Best piece of career advice you ever received?
The great Carlos Fuentes once said of Mexico that all times are important, and no time has ever been resolved. This was great advice to me to explore our culture of all times in literature.
The great Aboriginal thinker Gary Foley once said about academia, to go in and demystify the process, and then use it for our advantage.
Another great man Patrick Dodson, once told one of our large meetings, if you think you are a sovereign people, than act like it.
Another piece of best career advice came from the great editor Bruce Sims who once said to me soon after Carpentaria was published when I was worried about the book that, Alexis, it is what it is. Very good advice.
My great friend Tracker Tilmouth also gave good advice about how to enjoy yourself no matter what you do. He said, You got to have fun Wrighty.
What would you go back and tell yourself ten years ago?
The person I was ten years ago was working hard, and possibly more fun-loving, and more determined then I am today. I would probably say thank you.
How did you kickstart your writing career?
I can only remember working hard, and constantly, and thinking deeply. I held on to my belief that I had made the right decision in how to write and construct books through the doubts, and the ups and downs of writing very large manuscripts over several years.
Biggest hurdle you’ve faced (or are still facing) in your career?
Each book is a challenge, but writers like the challenge of working with ideas, and constructing worlds through their imagination.
How do you work through it?
I think the challenge is not to be worked around, but to be worked on and pushed through.
How have mentors or sponsors (or both) aided your career?
There have been many people who have helped me in my career. I have been very lucky. My publisher, Ivor Indyk of Giramondo Publishing is an exceptional man who has helped the careers of many writers such as myself.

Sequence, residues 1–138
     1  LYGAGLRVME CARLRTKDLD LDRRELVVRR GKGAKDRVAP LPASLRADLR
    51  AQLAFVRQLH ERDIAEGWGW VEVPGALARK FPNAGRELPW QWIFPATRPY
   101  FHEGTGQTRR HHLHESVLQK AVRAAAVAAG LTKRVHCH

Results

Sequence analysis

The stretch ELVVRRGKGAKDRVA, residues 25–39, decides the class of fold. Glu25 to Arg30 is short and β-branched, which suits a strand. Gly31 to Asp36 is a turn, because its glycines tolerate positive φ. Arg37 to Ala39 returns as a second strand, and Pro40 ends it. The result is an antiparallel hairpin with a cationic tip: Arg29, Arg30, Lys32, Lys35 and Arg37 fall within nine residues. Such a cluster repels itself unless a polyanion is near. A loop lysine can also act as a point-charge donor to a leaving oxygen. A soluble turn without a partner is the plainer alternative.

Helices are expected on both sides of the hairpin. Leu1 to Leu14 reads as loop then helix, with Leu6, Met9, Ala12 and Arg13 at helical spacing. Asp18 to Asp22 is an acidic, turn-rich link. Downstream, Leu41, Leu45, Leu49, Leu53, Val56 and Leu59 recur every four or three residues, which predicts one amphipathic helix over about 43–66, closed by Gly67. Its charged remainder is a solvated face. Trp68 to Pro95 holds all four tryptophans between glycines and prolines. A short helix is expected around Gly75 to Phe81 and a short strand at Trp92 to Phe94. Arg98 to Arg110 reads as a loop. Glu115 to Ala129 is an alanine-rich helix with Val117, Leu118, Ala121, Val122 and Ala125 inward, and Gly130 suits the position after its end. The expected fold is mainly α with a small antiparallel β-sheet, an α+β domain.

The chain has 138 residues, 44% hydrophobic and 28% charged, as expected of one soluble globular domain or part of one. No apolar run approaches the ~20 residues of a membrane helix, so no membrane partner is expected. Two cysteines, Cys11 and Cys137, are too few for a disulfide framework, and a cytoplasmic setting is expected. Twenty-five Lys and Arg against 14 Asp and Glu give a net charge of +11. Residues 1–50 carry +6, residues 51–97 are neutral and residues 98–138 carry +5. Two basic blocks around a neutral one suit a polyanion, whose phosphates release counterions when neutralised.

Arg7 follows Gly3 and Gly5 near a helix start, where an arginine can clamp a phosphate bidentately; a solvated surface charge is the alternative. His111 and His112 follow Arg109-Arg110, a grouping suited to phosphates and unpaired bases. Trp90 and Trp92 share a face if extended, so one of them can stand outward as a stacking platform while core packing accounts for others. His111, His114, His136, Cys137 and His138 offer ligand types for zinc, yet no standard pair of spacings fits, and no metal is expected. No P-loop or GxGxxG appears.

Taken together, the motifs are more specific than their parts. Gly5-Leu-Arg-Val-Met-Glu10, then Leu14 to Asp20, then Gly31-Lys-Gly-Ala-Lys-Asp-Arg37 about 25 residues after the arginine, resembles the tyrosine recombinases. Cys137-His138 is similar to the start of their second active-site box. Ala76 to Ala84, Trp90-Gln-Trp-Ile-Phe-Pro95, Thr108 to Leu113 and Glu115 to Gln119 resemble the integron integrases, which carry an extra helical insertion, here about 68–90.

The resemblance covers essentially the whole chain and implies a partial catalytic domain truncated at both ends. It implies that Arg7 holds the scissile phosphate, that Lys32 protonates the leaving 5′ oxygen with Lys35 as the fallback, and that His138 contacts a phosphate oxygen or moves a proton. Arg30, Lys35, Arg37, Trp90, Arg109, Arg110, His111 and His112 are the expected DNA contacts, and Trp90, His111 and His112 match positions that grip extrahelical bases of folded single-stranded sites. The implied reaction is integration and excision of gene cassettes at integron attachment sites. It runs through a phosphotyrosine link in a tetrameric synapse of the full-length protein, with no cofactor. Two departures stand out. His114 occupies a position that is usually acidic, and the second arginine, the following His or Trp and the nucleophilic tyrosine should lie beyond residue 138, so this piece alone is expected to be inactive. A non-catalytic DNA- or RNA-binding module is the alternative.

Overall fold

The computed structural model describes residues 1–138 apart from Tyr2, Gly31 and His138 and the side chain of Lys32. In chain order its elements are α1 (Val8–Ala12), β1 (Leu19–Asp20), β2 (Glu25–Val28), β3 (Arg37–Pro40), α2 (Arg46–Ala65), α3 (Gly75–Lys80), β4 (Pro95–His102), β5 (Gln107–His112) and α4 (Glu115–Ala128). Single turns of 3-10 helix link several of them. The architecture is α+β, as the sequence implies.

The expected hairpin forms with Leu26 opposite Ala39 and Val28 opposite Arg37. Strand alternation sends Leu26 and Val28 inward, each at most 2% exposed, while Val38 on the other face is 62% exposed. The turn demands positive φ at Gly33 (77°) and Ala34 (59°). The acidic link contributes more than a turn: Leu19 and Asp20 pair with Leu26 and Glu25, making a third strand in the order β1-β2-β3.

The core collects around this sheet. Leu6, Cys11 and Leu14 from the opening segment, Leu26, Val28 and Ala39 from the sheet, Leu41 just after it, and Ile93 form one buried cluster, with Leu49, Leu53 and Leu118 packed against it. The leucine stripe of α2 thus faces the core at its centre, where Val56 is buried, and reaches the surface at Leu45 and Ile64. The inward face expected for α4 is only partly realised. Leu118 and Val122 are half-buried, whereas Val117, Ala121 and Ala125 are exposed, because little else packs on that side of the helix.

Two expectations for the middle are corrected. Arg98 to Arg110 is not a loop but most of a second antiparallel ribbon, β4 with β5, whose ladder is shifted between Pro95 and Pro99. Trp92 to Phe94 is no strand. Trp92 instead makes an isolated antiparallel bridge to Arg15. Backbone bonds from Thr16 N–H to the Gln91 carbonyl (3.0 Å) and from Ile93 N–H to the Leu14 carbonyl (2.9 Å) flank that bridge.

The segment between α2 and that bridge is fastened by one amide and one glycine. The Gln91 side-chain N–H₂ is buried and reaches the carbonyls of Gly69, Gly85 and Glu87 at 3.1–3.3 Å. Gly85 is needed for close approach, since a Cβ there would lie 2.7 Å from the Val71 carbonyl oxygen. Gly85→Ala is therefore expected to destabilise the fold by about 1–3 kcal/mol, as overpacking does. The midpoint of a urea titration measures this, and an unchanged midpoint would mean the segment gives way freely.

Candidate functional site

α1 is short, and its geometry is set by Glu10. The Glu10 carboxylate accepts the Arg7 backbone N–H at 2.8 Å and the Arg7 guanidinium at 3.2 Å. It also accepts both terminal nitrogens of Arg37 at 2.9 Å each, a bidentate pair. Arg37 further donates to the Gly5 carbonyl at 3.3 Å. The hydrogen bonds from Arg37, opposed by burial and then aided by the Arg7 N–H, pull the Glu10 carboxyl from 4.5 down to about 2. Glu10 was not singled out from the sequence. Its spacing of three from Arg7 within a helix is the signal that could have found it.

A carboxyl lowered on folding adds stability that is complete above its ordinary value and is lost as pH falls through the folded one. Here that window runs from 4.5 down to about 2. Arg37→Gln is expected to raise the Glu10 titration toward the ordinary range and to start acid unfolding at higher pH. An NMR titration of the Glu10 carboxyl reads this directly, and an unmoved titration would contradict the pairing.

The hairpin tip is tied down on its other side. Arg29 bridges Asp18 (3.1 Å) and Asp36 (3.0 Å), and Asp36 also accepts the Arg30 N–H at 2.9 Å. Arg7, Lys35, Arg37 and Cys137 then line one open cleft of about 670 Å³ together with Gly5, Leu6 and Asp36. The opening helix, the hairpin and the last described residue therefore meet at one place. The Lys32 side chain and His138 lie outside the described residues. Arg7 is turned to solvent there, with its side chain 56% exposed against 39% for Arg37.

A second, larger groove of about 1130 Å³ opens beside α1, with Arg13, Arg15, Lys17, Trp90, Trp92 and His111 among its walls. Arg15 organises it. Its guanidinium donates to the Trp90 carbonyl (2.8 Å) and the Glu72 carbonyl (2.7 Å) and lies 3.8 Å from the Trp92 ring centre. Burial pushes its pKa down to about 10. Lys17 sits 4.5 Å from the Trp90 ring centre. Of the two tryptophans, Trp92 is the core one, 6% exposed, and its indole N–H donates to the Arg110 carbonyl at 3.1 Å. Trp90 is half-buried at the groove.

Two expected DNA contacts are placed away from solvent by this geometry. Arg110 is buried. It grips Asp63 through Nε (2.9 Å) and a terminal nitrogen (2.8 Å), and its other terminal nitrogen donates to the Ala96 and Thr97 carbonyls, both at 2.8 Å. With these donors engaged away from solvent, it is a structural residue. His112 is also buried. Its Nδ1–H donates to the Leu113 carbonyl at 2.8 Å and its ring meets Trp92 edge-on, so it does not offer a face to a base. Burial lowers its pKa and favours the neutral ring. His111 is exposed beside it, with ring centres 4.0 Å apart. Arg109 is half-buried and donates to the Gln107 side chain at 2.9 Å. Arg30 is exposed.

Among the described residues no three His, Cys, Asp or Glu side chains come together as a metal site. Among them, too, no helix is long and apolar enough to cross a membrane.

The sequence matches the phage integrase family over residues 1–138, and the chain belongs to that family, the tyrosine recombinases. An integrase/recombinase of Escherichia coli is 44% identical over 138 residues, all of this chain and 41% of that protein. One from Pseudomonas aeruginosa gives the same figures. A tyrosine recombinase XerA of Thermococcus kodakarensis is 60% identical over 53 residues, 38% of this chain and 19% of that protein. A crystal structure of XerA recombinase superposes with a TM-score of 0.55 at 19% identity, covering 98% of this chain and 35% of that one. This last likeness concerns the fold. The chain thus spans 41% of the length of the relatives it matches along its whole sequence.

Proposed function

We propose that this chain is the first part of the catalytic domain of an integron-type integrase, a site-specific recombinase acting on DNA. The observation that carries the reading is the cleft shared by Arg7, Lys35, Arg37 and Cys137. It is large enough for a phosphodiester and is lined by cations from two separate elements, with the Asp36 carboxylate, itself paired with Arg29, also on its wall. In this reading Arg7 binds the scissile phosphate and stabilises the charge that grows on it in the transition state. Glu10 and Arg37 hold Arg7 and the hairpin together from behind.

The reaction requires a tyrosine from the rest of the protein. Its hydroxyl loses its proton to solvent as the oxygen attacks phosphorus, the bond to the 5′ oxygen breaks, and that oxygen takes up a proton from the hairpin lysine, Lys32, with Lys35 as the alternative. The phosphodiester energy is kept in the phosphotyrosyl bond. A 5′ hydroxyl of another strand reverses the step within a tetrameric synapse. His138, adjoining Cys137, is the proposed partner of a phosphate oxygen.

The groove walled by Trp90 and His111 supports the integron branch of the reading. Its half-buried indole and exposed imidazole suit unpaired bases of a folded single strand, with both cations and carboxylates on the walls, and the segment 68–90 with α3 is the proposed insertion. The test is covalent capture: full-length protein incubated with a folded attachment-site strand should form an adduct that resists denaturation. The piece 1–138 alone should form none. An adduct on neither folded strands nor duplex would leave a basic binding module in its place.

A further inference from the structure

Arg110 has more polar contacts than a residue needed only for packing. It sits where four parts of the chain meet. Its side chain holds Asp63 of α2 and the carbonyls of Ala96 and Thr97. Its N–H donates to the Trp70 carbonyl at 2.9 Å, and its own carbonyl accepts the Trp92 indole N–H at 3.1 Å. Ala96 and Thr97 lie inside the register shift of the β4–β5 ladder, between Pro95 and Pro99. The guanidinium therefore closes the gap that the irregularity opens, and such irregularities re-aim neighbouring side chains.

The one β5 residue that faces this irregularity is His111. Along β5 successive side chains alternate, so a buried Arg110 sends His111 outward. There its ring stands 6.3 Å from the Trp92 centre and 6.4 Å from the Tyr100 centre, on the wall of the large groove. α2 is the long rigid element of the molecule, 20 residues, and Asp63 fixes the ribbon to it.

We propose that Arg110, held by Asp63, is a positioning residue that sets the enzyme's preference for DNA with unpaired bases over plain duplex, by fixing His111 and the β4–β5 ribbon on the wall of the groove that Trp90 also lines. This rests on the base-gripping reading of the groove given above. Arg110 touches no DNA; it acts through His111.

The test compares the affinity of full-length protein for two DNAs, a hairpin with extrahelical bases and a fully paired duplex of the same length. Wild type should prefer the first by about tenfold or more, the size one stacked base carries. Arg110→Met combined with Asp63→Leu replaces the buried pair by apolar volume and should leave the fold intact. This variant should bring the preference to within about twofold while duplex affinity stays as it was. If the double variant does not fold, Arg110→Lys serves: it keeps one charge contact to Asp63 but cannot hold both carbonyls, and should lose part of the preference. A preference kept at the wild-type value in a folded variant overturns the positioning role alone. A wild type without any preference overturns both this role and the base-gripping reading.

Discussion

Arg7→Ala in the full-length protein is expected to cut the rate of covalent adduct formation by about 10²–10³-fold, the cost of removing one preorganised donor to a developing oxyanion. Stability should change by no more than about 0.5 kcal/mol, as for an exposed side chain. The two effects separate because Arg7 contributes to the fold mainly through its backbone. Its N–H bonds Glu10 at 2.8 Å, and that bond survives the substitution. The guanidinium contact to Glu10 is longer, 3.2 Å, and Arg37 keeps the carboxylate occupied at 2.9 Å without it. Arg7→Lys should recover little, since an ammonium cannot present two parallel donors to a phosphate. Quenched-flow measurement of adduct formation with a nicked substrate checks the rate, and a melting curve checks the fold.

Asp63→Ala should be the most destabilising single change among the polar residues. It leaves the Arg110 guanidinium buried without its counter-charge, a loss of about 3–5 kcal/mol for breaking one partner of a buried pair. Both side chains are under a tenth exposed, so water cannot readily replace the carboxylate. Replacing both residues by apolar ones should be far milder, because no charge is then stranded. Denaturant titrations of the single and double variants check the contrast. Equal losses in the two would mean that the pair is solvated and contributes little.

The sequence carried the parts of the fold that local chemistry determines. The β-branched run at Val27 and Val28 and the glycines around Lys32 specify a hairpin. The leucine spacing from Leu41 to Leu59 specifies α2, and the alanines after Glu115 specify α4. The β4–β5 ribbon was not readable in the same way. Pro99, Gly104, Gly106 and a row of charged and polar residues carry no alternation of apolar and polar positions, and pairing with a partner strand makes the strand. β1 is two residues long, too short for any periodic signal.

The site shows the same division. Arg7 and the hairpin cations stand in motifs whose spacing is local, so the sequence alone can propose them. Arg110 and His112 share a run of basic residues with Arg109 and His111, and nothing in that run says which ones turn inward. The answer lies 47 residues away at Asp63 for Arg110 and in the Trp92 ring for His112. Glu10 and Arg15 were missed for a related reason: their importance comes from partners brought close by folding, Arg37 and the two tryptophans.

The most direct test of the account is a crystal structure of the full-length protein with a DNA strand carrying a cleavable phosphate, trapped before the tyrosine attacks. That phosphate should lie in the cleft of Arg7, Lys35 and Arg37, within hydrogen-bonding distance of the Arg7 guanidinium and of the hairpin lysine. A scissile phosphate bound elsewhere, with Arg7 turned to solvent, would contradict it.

What’s your favourite piece of tech?
My computer. I also very much like the mini blue tooth radio with a great sound that I found recently in Shanghai’s book street, Fuzhou Road.
What daily publications do you read or follow?
The Age. The Weekend Australian. Indigenous X. Koori News. The Guardian. Asian newspapers.
Where and when do you write?
I mostly write in my study at home. I also write in my work office. I write in the garden. The Dome Reading Room at the State Library in Victoria. I continually write in my head so I believe I can write anywhere.
What are you reading/watching/listening to right now?
My current reading is far too broad to cover here because apart from reading for leisure, I also read continuously for research. I have an eclectic ear for music. I listen to almost everything. I have many favourite Aboriginal musicians.
I love musicians like Bob Dylan of course, but I always have classical music on the radio in the house. I love classical Indian and Chinese music, and what I am listening to right now is Mongolian music given to me recently in Inner Mongolia. I like the idea in their culture of singing songs about the land and much else, when families get together.
Where can people find out more about your work?
At my publisher’s website.